My father always liked to bring things home. He believed that it was the responsibility of the head of the household to bring provisions into the house, and he performed this duty assiduously, whether the goods were needed or not. If no one else had use for them, he would find a use. Nor was he particular about the means of acquiring these things. Legitimacy of acquisition was not one of his standards. he might receive items through purchase, gift, barter, or a more unsavory means. The important thing was to bring something home to cast before my mother's often-horrified eyes. He brought home an endless supply of dirty towels cast upon the beach, an expensive German camera that someone had sold him, and huge containers of fruit and vegetables that produce merchants gave him in exchange for the fish he caught. Mother dutifully baked pies with the peaches and blueberries and made casseroles of the vegetables. When Father wasn't looking, she would retrieve all the dirty towels around the house and throw them out. . . .
When we were living in Long Beach in the early '50s, Father brought home an unusual item--at least, for a man with 20/20 vision--a pair of dark, horn-rimmed spectacles he found one morning in front of my brother Hermann's candy store. He then proceeded to put these glasses on as he read the Forverts. Mother and I were alarmed that Father might be harming his eyes by wearing these glasses. Our distress was heightened when we learned the identity of the owner of the glasses perched so jauntily on Father's ample nose. One day, Mr. Weinberg came into Hermann's store, wondering if he might have left his glasses there. Weinberg, an elderly Jew who lived with his wife and adult daughter, was a friend of our family. After Weinberg left the store, despite all our entreaties, Father stated that he had no intention of returning the glasses. He defended his position with two arguments. First, he went into an involved legal analysis of the law of personal property and its application to lost articles. He concluded that as Weinberg's glasses had been found in front of his son's store, the Pressmans had acquired legitimate ownership of them. His second theory, pronounced in his most sonorous judicial tone, was that he had no proof that these were in fact Weinberg's glasses. Weinberg, who was then wandering about the streets of Long Beach groping his way, might have made the whole story up.
There was nothing to be done. Like his hero, Winston Churchill, who hadn't become Prime Minister of the British Empire to oversee its destruction, Father hadn't fought his way up from the streets of Piltz to relinquish his booty now. The glasses would not be returned. Hermann surreptitiously gave Weinberg money on some pretext to cover the purchase of new glasses, which, when Father saw them, only confirmed his theory that Weinberg had not lost his glasses in the first place.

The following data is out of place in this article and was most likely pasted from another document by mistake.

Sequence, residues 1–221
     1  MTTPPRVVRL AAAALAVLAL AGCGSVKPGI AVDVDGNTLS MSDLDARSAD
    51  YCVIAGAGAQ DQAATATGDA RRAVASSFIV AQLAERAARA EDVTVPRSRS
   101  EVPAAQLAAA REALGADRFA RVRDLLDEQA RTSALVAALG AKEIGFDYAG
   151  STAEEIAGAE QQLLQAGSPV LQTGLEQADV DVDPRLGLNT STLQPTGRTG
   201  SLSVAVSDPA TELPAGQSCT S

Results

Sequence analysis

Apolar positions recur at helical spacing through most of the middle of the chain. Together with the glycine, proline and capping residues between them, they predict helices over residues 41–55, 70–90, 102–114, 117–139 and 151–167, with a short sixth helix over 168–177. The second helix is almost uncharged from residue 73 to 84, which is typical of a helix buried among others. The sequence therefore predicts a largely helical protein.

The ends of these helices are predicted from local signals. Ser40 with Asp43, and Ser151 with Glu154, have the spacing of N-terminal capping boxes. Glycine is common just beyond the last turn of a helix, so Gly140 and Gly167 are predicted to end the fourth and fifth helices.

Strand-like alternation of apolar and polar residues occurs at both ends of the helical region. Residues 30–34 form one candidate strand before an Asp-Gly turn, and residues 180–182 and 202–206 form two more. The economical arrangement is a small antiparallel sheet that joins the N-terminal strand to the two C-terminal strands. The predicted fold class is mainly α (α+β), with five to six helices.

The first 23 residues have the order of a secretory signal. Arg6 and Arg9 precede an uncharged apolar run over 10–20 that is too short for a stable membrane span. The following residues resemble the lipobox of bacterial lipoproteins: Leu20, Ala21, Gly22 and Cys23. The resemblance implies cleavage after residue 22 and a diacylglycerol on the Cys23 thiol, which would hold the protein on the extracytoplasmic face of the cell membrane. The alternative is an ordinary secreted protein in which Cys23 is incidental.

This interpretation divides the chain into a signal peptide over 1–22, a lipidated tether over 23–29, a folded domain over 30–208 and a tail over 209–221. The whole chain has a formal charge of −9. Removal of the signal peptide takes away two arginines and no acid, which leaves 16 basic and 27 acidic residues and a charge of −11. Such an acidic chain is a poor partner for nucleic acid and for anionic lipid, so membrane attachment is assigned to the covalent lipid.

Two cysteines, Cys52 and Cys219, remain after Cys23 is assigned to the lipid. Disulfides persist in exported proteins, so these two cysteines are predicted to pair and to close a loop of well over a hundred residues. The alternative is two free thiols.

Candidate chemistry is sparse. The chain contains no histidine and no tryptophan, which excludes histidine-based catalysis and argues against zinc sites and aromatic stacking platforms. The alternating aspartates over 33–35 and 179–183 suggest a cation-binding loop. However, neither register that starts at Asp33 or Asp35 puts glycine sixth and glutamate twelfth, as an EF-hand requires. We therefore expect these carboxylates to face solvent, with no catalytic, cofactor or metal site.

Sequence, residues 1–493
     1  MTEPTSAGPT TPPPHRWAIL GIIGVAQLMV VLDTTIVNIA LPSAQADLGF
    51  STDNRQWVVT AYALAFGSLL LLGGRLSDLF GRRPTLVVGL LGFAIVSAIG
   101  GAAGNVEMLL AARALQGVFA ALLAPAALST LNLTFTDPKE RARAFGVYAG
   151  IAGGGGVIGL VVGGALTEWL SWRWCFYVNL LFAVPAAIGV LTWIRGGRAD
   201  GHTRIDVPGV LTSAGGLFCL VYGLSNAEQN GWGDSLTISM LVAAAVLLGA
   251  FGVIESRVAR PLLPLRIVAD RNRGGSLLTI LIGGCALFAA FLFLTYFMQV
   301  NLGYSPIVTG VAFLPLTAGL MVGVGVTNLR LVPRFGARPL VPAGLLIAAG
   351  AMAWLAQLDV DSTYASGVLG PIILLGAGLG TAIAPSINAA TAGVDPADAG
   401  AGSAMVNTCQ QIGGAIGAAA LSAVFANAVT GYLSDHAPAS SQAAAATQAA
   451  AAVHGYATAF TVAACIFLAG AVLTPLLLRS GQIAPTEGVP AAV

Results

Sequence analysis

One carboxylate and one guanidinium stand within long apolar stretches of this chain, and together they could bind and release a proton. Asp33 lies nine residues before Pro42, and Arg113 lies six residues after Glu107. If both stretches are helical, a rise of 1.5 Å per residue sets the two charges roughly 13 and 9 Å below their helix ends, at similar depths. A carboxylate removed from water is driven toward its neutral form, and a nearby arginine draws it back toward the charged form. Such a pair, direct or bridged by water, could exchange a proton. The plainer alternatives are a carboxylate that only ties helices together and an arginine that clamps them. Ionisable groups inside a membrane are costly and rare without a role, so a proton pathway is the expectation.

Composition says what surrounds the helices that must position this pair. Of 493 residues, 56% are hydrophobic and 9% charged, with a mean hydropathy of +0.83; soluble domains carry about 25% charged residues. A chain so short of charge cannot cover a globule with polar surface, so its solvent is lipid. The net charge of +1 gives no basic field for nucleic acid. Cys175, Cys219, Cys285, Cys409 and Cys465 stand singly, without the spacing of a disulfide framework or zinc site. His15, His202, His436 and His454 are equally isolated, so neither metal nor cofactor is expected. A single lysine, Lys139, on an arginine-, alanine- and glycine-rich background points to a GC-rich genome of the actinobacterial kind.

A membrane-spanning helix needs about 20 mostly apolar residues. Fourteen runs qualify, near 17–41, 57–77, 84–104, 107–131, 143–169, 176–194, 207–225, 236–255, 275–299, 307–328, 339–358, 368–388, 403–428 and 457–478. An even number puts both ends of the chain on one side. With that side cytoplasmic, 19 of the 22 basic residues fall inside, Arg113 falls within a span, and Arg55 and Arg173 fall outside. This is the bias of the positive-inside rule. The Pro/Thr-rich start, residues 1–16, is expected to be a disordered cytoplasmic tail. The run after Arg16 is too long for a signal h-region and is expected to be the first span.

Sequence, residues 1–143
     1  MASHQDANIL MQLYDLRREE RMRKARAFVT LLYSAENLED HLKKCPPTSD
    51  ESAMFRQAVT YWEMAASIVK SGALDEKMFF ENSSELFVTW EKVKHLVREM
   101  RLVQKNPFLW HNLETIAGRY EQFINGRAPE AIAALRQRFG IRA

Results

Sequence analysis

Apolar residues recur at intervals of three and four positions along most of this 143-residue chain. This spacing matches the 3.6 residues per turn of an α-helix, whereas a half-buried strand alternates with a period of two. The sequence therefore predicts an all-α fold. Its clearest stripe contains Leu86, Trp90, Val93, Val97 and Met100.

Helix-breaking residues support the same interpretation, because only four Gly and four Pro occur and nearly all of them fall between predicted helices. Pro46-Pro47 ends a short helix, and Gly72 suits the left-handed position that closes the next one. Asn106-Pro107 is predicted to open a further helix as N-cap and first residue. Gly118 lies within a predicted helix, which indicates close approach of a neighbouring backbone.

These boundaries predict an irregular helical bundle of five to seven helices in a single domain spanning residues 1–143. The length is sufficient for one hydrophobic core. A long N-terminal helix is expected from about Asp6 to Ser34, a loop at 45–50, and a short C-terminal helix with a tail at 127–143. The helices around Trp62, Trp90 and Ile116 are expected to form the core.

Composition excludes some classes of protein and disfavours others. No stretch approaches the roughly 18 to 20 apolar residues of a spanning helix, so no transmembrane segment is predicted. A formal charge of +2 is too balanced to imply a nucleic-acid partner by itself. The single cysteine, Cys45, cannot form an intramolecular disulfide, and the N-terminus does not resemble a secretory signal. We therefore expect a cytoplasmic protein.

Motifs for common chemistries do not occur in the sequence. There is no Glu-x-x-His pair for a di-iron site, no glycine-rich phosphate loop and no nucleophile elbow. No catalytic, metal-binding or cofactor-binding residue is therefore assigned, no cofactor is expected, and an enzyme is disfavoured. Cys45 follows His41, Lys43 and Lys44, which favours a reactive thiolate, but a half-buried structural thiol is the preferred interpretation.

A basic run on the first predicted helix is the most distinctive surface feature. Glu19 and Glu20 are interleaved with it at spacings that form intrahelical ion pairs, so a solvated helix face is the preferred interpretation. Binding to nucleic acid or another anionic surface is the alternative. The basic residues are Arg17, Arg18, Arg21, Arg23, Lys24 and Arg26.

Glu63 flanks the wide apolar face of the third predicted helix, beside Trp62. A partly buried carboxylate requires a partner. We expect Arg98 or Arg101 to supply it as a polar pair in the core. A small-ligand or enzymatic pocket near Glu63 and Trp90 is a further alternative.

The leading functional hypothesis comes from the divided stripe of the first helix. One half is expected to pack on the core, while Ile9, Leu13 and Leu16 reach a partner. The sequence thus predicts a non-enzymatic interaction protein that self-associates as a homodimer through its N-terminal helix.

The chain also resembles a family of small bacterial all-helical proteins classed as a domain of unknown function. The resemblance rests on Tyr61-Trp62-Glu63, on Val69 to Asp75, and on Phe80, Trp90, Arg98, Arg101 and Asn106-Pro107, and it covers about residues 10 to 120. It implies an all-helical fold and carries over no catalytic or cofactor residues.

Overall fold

Years went by. We moved from Long Beach to Miami Beach, and Mother and I no longer had to live in dread of Weinberg's walking into our house unexpectedly and discovering Father wearing his glasses. But Mother and I continued to be worried about possible damage to Father's eyes. He was using "Weinberg's glasses," as they come to be known around our house, more and more for reading, driving, TV, the movies. Something had to be done.
Finally, Father succumbed to years of prodding. He and Mother had recently purchased a new home in North Miami Beach, and--as befitted a new home-owner in "Florida's Finest Residential Community"--he finally agreed to go forth, flanked by Mother and me, to be fitted for his own spectacles.
We could not, of course, divulge the origin of "Weinberg's glasses" to the optometrist. Instead, we told him that Father had been having difficulty with his reading and, therefore, thought he might need a new pair of glasses. The optometrist proceeded to put Father through the standard eye examination. This was difficult because Father couldn't read English--but somehow he managed to let the optometrist know what he saw and when he saw it. Mother and I were already congratulating ourselves on finally getting rid of "Weinberg's glasses" when the optometrist, with a bewildered look on his face, said "I don't understand why you've been having trouble, Mr. Pressman. The glasses you're wearing are exactly the right prescription for you." Father beamed, and Mother and I knew we were beaten.
Some years later, when I came home from Washington for a visit, I was astonished to find Father reading the paper with a spanking new pair of glasses perched crookedly on the bridge of his nose. "Mom," I shouted in amazement, "is this what I think it is? Has Daddy gotten himself a new pair of glasses?"
"Yes," came back my mother's voice. It sounded strangely resigned. "He found them last week. On the beach."
I shuddered a moment, thinking of the latest Weinberg stumbling about somewhere on Miami Beach. But it was only for a moment. Then I realized that I was home again, and Father hadn't changed at all. Impulsively, I reached out to embrace him in a great big hug, knocking the glasses right off his face. He didn't seem to mind.
©1999 by Sonia Pressman Fuentes. "Weinberg's Glasses" was published in The Algemeiner Journal, April 20, 2007; Matrix, published by Outrigger Publishers in Hamilton, New Zealand, p. 3 (Vol. I, No. 2, Aug. 2002); Jews (Passover 2001, Issue 5); Outlook (Canada's Progressive Jewish Magazine) (Jan. 1-Feb. 15, 1997, Vol. 35, No. 1); and on the Web sites: JoyZine, Writing Now, and Whispers.